The quality metric for 2009 was to arrive at the camp with the cargo within +/- 1 hour of the time schedule. There were 13 different camps, many of them in the middle of the desert.

Moreover, another important metric of quality is that the cargo company must have a 24-hour technical assistance service.

People

The Dakar project was taken as an award for the best workers of Andesmar. Becoming part of this project represented a recognition of the selected people, not just for the financial bonus related to the project's success, but for the great atmosphere among the project team members and Dakar pilots.

There were many training courses offered to the chauffeurs and mechanics, which were required just to explain the Dakar culture. The company knew that if the team enjoys its work, the project will be successful.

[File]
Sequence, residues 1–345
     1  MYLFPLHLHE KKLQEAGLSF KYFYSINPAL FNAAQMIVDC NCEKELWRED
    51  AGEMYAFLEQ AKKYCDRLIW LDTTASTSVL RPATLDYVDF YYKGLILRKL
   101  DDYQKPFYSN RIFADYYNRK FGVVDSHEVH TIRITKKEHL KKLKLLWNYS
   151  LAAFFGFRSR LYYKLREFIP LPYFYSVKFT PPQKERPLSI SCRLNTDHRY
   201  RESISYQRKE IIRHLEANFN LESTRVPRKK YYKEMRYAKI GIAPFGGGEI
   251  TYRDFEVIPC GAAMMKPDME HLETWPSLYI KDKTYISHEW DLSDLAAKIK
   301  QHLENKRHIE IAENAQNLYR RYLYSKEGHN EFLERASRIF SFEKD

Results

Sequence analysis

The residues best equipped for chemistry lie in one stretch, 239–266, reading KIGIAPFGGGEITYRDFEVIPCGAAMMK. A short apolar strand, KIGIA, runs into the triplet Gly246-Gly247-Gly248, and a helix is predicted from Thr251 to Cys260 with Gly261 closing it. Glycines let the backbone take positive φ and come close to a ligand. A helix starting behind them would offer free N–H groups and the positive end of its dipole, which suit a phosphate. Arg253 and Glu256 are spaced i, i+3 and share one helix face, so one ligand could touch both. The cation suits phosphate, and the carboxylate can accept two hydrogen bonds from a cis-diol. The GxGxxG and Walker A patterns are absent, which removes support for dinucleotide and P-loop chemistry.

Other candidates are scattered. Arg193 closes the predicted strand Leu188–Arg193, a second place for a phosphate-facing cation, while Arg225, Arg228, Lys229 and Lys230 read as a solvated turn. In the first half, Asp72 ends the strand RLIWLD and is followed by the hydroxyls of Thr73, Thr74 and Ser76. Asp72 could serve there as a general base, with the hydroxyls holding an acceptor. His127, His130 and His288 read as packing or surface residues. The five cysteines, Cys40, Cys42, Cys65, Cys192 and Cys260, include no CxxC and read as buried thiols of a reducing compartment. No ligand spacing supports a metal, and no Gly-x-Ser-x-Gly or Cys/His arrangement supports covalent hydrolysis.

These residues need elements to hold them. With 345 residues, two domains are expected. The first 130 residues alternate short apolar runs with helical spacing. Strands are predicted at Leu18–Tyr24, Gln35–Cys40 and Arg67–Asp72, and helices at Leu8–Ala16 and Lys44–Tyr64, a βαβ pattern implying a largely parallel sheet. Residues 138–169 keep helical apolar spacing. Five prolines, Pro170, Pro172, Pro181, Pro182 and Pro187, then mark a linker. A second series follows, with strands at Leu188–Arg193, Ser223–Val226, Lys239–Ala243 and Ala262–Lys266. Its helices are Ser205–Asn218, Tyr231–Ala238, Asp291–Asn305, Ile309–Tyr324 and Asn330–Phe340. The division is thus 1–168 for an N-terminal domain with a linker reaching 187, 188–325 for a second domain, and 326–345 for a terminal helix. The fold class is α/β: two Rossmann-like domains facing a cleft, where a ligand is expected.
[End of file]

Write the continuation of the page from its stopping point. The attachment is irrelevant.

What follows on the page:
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Communications

There isn't one common language inside Dakar. For example, the sponsor only spoke French, some pilots only spoke Russian, and the chauffeurs only spoke Spanish, and so on.

There are more than 20 different languages inside the project and the main communication skill used to survive 20 days homeless in the desert is non-verbal.

The communication plan was a key for success. There were daily face-to-face meetings to track the project, and a lot of support, using GPS systems, mail, and mobile phones.

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Risks

Most of the risk planning was about having many alternative routes to cover the event. This is no simple task in South America, where the routes are not in good condition.